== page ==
How To Sharpen A Chisel - A Free Video from the Center for Furniture Craftsmanship
A chisel looks deceiving. On the surface, it appears to be a simple tool that has a few purposes. But when properly honed this simple tool can do a lot of things and it's one of the first tools you'll likely acquire as woodworker and furniture maker. For your chisel to perform well, it's important for it to be sharp.
How To Sharpen A Wood Chisel with Tim Rousseau
There are several different ways to sharpen chisels. Some woodworkers prefer to sharpen their chisels by hand while others prefer using a belt grinder or whetstone. In this video, Tim Rousseau, an instructor at the Center for Furniture Craftsmanship, demonstrates how to sharpen a Two Cherries chisel starting with sticky back 220 grit sandpaper on float glass to flatten the back.
A chisel has a back, a bevel and a blade. The steel has been hardened so it can hold an edge. That hardening range is a Rockwell scale between 58-62c. The harder the steel, (higher the number) the more brittle it is. The softer the steel is (lower the number) the more malleable and easier to sharpen the blade will be.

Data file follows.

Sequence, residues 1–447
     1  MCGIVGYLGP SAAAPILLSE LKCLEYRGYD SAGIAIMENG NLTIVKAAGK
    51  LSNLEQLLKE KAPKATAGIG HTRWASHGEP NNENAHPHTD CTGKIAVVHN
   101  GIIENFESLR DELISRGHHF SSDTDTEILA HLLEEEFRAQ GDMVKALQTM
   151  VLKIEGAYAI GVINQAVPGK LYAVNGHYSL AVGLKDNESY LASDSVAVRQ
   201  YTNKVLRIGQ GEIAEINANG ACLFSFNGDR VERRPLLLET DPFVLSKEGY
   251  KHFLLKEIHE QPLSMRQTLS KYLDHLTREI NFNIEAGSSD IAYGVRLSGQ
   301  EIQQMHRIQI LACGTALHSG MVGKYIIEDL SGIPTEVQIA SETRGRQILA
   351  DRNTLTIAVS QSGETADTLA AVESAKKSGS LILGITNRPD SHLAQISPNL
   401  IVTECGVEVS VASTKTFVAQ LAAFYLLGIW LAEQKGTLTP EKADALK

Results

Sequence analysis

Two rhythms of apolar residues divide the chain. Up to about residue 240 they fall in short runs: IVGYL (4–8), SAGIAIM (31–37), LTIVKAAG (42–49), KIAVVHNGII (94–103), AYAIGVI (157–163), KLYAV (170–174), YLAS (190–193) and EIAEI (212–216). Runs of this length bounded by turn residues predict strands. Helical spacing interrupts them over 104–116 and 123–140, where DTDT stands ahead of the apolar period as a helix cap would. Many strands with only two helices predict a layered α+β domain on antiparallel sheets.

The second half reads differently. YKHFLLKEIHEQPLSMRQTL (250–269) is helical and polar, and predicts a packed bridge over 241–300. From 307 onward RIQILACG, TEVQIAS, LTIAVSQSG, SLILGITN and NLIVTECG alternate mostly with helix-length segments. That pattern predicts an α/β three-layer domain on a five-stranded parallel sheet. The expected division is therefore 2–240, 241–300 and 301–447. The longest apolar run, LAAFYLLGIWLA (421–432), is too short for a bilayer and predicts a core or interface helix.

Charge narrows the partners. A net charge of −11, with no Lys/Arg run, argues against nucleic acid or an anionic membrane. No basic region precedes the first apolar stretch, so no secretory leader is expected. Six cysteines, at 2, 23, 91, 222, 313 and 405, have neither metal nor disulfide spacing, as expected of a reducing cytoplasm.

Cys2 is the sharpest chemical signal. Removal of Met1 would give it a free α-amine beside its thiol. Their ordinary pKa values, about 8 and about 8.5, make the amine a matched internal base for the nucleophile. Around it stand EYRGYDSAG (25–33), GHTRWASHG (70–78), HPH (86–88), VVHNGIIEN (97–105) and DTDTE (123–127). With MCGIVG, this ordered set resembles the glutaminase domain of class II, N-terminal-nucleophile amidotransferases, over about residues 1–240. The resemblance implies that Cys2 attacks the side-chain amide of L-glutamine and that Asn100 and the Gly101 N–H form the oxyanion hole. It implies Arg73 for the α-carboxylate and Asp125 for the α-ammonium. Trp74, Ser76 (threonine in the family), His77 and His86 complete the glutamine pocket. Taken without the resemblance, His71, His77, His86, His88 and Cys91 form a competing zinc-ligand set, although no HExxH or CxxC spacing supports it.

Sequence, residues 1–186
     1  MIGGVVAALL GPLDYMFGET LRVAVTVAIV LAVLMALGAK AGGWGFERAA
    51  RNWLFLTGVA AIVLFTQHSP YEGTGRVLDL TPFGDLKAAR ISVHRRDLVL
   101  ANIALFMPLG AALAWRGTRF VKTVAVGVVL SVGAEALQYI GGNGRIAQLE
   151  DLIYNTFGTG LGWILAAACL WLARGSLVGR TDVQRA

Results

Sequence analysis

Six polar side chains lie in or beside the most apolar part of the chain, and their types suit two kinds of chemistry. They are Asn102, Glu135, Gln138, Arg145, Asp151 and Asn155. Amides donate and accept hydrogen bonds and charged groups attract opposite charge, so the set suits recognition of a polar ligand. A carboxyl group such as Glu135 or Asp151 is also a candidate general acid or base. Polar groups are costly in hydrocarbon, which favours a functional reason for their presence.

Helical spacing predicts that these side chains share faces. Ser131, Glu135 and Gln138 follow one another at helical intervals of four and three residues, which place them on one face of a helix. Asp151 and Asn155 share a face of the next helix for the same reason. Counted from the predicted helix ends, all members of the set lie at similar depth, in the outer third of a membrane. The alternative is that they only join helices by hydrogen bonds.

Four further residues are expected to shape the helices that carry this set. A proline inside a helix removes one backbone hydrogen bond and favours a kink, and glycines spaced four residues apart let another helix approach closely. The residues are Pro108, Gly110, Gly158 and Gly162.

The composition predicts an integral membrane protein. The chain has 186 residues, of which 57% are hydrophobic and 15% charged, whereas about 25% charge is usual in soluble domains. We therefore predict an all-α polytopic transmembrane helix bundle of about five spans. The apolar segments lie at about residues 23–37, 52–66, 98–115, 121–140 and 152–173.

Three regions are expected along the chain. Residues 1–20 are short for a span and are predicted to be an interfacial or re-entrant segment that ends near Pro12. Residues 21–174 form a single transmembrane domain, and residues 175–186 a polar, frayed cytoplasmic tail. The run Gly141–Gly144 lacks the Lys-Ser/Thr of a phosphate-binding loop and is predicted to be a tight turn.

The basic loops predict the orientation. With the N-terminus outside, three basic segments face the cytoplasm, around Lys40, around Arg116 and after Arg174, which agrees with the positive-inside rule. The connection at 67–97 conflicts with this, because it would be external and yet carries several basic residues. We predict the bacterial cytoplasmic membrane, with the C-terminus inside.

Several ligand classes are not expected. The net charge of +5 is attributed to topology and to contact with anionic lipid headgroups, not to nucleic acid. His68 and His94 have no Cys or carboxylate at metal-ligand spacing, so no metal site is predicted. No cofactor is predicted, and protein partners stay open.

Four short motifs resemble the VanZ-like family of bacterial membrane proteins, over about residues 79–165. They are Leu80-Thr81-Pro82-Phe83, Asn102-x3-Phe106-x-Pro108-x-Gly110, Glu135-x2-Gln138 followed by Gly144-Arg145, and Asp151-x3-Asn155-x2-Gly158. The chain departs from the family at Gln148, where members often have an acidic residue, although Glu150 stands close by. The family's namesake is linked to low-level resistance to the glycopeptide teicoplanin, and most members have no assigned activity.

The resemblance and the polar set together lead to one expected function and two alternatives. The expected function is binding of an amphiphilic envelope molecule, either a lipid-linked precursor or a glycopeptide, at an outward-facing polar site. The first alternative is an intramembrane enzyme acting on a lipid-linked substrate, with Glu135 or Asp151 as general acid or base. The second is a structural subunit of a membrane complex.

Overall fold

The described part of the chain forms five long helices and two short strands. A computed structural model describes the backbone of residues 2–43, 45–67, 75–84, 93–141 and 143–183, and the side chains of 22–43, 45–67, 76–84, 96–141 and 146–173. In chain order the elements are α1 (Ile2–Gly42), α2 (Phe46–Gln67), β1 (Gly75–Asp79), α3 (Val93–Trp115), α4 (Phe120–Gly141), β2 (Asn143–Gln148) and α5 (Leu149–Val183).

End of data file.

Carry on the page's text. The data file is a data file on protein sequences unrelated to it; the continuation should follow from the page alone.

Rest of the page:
The bevel, angle effects how a chisel performs and how it holds an edge. A bevel angle that’s too low will have an edge that tends to serrate. The advantage to a low angle is that there's not much resistant when you pair, it pushes through wood fairly easily. A high angle is much less likely to break off and serrate but, it is much harder to push through wood. A balance between a low and high bevel is what you’re looking for. Somewhere between 27-35 degrees for modern western chisels is the range you want to end up in.
The goal is to flatten and polish the back of the chisel and grind and polish the bevel of the chisel so they meet in one crisp sharp line.
The video above, will show you how to sharpen a chisel step by step.